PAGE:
We have officially entered the winter solstice. As we trade long sunny days for longer starry nights we are gravitated to travel inward. Enjoy quiet days with yourself, a journal, and your imagination. Be alone with your thoughts and let go of things that weigh on your soul. Forever be a student, and play with abandon. Reflect on the past, live in the present, and move forward with intention.
So intrigued by this documentary about the rise and fall of this hippie community called Taylor Camp. The camp formed on the idea of free living, settled in this tree house village on the beautiful shore of Kauai. Clothing-optional, pot-friendly, rent free, and no politics made this village utopia in paradise. Taylor Camp was born in the spring of 1969 when artist / oceanographer Howard Taylor (brother of actress Elizabeth) bailed out thirteen hippies seeking refuge from the ongoing campus riots in America and police brutality. Hippies, surfers,vets and alternative lifestylists then flocked into this idyllic tropical hippie dream, and without any rules they grew the village and governed themselves. These nostalgic photos were taken by John Wehrheim who was a Taylor Camp resident. Such magical images he captured of this village which many look back as the “happiest days of their lives”. Sadly the community was torched and put to an end in 1977 to make room for a state park.
National Geographic “Your Shot” community is such a visual discovery through the lens of everyday photographers, travelers, and spontaneous adventurers. They posted a “foodscape” assignment and we immediately thought about my uncle Jong whom we recently visited during our stay in the Philippines. He’s quite a man of the wild, knows how to fix anything, build anything, catch anything, and cook everything. We have a little family compound by the ocean off of the island Mindoro. Below is his photo captured by Aaron as he cooks what he’s caught for us over an open fire. Below this photo are the top photos from the NCS foodscape assignment. Aren’t they incredible?! So many stories these photos have captured. They open our eyes to wonder, and evoke a sense of adventure.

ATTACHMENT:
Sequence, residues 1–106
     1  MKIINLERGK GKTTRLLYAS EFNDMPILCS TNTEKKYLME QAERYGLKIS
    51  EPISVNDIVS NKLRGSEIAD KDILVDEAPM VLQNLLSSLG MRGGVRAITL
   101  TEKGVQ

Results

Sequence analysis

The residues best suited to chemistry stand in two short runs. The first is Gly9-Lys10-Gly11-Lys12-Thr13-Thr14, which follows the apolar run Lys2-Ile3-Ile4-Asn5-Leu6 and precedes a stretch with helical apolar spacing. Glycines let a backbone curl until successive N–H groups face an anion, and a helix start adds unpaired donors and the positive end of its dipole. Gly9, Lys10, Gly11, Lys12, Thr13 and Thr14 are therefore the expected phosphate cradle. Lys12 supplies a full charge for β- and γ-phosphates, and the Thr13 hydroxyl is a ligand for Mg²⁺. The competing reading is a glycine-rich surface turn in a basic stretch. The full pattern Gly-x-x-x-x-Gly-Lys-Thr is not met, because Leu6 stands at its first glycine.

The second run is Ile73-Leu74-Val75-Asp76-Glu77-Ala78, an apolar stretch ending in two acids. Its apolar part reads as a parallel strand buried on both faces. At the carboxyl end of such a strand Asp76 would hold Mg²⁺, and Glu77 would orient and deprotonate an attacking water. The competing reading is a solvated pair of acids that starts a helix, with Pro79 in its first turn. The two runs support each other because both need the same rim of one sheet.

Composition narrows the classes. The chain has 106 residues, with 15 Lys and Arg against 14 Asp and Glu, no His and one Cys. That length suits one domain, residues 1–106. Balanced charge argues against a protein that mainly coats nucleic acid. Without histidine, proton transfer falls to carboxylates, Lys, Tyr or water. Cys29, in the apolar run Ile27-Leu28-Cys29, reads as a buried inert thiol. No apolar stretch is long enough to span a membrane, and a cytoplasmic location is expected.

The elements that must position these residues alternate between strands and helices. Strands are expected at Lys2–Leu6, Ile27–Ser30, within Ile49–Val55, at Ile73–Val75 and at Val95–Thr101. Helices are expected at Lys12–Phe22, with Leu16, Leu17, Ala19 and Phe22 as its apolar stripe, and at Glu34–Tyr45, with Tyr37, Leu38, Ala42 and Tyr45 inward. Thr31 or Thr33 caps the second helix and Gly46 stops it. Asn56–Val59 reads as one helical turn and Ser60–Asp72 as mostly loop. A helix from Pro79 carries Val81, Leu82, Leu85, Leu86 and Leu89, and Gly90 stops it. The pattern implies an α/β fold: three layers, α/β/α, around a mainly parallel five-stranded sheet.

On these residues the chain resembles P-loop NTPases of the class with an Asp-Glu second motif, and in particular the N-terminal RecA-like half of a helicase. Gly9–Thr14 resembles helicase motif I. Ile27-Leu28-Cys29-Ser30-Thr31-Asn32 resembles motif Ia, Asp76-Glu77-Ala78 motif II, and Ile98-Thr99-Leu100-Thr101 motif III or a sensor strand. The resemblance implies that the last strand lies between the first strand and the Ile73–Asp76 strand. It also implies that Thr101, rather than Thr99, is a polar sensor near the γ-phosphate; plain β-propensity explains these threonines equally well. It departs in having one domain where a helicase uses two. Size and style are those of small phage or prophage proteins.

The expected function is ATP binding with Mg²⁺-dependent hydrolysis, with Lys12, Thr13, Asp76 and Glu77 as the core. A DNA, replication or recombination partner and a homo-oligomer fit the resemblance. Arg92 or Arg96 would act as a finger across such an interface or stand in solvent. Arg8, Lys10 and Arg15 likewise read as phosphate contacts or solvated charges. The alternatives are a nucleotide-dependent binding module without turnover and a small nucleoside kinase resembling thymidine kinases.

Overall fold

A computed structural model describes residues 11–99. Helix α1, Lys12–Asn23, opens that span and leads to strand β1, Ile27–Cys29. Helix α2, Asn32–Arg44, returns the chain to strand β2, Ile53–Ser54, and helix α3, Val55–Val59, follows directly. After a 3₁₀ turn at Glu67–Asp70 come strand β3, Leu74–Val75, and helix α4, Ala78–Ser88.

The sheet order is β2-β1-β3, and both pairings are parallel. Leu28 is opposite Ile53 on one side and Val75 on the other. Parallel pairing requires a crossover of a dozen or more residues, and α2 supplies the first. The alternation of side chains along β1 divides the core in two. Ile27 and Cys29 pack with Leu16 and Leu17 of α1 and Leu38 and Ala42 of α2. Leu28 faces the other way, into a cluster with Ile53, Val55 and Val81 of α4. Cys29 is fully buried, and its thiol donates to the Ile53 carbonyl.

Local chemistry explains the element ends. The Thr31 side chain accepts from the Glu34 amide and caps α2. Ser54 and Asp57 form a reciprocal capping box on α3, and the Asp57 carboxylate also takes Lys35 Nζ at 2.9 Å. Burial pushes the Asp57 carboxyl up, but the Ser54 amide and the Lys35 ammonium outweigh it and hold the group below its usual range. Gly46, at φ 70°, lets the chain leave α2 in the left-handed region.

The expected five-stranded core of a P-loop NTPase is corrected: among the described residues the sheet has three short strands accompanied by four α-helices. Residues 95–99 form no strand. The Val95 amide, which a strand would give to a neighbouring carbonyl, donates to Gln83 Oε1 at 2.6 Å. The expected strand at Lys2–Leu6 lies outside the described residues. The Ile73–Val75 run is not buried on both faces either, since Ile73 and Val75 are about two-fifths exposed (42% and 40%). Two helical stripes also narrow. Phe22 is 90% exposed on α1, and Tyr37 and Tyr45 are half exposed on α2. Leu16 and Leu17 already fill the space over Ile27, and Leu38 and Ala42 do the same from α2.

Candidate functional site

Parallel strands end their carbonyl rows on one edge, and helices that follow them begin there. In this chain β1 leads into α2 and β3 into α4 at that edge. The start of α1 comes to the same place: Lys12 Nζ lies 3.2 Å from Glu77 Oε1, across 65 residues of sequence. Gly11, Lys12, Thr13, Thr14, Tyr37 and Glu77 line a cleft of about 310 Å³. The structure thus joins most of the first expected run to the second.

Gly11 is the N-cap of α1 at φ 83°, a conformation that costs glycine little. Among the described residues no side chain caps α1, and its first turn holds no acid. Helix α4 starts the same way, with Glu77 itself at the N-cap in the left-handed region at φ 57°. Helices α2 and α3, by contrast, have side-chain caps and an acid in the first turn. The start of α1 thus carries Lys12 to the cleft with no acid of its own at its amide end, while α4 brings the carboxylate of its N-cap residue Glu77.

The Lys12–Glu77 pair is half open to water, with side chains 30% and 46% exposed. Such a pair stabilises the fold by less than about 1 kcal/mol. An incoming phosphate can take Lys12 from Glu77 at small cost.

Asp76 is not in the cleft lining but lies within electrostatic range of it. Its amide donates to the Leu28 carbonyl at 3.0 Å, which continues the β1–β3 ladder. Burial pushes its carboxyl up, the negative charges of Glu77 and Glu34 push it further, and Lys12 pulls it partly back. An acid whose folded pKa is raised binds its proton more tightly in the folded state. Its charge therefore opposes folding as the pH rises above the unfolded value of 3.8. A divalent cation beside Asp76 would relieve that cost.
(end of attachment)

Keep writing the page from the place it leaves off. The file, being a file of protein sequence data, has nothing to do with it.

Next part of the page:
Early morning markets, Hoi An, Vietnam
This was taken in a small village in southeast of china called Lishui.People are busy gathering and picking the pumpkin to the market.
These are two sea gypsies that are cooking the catch of the day.
Iranian villager woman carries the tray of fruits and traditional nuts at the yard of her house during Chaharshanbe Souri.
Click on images for photographer profiles and while you’re at it, check out their amazing shots!
We stacking high with lots of tribal textiles for you indigenous hearts, teepee makers, festival fairies, and gypsy crafters! Some shiny, new and fresh off the hands of the Hmong tribe artisans, while others have been passed down for generations and have now made it into our vintage series of textiles. Whichever tickles your fancy, we’re sure these tribal beauties will keep you warm, or have you winning the raddest picnic blanket award. Each one of a kind, so call dibs on your favorite before it gets picked up! Check out our textile collection HERE.